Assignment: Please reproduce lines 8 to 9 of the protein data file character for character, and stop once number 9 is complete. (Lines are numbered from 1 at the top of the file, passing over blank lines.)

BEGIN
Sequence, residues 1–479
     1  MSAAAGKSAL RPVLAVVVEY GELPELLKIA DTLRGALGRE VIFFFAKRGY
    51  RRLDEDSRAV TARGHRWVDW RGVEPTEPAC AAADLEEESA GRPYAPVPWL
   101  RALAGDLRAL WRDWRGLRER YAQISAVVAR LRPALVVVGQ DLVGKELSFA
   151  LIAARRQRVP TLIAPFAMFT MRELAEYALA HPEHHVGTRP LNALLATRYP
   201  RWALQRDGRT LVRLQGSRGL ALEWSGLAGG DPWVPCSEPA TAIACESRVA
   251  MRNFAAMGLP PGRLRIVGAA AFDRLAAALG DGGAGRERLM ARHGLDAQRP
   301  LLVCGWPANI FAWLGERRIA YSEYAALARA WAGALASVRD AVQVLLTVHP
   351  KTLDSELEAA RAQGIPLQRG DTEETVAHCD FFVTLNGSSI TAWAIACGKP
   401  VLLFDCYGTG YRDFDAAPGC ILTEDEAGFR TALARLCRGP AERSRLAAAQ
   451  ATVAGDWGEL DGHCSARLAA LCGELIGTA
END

   301  LLVCGWPANI FAWLGERRIA YSEYAALARA WAGALASVRD AVQVLLTVHP
   351  KTLDSELEAA RAQGIPLQRG DTEETVAHCD FFVTLNGSSI TAWAIACGKP